To the Editor.—In the September issue of the Archives (107:398-401, 1973) Ekland and Zeigler report 12 peripheral breast abscesses. Apparently, there was no evidence of introduction of pathogenic bacteria from an outside source in any of these cases. The authors state that antibiotic therapy is not a decisive factor in treatment. The following history suggests that this may not always be the case.
Report of a Case
During the second trimester of her second pregnancy, a healthy, 24-year-old woman had a 24-hour history of increasing right breast soreness, malaise, and fever. The right breast was engorged and reddened with tenderness in the upper outside quadrant. Minimal purulent material was milked from the nipple. Culture revealed coagulase-positive Staphylococcus aureus. No fluctuation was detected. All signs and symptoms disappeared within 72 hours of oral administration of ampicillin trihydrate. Despite continuation of the antibiotic for ten days, the right mastitis recurred two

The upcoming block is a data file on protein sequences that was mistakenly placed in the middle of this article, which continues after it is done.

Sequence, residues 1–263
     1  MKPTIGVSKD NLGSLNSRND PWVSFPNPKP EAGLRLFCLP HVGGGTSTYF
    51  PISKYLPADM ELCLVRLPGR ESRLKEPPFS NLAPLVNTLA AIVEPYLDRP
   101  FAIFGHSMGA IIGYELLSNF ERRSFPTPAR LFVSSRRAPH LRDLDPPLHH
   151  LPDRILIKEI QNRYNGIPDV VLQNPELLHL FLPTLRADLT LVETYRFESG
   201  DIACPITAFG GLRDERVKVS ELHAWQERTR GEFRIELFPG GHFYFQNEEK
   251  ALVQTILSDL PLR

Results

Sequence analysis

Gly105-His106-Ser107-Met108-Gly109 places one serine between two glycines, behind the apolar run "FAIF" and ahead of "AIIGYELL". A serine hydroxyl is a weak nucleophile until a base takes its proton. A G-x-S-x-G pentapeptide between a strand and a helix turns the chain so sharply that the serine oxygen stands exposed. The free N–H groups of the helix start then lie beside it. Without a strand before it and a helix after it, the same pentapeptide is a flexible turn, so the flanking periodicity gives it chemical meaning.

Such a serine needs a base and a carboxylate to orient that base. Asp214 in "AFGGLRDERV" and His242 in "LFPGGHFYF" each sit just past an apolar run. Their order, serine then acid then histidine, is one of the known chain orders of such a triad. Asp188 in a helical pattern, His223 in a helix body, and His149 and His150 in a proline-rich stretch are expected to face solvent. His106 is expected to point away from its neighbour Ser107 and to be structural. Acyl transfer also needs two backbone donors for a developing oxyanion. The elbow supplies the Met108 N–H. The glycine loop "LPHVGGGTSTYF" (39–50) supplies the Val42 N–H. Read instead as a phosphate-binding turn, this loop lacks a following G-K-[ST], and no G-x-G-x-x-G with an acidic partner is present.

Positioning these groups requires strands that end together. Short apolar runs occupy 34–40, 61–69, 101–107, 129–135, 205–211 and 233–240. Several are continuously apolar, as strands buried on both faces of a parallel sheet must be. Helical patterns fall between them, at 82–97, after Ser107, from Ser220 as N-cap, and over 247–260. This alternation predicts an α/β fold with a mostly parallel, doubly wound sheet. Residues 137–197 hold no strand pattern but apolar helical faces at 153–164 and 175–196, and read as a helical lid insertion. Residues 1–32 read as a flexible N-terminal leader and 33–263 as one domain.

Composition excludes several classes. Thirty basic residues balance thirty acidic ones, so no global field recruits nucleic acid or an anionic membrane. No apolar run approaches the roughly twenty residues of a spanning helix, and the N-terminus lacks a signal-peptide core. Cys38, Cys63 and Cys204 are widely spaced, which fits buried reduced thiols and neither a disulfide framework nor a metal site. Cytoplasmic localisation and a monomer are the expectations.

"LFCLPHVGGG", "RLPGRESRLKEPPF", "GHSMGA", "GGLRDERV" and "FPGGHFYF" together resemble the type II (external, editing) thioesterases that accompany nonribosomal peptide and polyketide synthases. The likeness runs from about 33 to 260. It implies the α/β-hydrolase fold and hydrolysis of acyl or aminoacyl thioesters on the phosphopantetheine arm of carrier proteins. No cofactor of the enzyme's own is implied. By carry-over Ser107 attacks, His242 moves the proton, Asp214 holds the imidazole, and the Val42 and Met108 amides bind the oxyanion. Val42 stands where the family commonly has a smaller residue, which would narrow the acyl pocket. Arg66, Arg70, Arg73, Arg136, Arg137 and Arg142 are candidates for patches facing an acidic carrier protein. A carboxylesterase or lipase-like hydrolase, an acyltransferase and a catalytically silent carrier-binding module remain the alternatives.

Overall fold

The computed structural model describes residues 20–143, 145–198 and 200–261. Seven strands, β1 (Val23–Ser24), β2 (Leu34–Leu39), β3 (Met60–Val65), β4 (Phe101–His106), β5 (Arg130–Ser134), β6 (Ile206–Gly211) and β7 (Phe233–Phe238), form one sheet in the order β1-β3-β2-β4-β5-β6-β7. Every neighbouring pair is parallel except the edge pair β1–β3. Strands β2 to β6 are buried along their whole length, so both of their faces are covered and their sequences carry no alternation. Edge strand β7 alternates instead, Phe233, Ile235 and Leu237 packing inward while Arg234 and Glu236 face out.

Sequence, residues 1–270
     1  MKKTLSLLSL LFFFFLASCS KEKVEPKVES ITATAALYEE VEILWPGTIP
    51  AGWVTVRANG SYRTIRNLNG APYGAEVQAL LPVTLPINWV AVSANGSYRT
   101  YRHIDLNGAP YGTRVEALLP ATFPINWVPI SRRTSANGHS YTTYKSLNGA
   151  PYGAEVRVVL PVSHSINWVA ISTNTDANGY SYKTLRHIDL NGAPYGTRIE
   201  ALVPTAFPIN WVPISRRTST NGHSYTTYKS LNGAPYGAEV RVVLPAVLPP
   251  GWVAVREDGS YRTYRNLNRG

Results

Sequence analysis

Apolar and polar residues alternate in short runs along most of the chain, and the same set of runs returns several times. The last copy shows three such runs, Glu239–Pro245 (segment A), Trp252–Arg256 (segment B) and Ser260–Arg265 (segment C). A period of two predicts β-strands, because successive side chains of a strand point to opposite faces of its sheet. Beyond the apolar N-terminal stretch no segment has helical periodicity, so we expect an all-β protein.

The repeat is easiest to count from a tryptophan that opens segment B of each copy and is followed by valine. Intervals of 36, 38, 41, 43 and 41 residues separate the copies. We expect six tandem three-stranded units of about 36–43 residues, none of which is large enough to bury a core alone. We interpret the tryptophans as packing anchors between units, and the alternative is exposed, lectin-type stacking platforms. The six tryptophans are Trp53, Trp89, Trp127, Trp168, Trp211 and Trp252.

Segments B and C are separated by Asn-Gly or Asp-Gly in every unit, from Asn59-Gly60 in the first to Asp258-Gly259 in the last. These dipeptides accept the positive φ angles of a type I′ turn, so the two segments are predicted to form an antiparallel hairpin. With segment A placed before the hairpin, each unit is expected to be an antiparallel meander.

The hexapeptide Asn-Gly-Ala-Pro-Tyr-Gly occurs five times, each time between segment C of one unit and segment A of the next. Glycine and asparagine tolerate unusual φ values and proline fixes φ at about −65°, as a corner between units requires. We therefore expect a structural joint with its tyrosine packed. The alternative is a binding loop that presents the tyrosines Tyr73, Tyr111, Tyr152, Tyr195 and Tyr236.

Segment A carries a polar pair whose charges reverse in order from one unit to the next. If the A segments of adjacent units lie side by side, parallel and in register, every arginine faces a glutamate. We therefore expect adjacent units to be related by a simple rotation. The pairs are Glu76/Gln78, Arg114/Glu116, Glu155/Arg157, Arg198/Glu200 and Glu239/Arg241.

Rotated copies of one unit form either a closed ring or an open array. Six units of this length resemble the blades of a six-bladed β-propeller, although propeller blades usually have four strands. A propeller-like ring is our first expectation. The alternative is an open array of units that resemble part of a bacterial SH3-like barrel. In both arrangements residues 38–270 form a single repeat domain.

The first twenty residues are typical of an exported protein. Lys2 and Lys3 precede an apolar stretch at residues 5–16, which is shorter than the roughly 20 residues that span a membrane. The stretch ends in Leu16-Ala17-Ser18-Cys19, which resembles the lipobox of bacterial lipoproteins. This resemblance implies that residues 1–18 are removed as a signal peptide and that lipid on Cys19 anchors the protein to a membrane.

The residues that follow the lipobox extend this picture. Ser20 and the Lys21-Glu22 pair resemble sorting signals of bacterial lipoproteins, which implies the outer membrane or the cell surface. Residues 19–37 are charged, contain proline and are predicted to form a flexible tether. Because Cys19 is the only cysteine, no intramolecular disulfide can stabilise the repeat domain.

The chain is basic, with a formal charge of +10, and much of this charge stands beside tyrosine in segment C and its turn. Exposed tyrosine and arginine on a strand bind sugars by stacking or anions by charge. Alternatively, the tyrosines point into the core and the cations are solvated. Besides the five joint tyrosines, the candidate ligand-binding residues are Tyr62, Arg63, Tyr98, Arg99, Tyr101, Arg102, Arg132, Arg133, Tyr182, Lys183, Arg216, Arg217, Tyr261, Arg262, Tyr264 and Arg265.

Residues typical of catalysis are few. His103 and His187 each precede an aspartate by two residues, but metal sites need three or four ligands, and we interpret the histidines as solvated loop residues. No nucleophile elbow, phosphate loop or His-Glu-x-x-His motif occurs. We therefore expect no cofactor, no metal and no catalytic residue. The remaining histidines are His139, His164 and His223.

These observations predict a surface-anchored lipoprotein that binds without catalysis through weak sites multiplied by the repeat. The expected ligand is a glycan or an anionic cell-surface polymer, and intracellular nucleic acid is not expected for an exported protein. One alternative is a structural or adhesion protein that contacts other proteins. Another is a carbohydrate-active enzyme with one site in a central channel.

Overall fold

SOKOL RJ. Mastitis in the Nonlactating Breast During Pregnancy. Arch Surg. 1974;108(2):247. doi:10.1001/archsurg.1974.01350260099025
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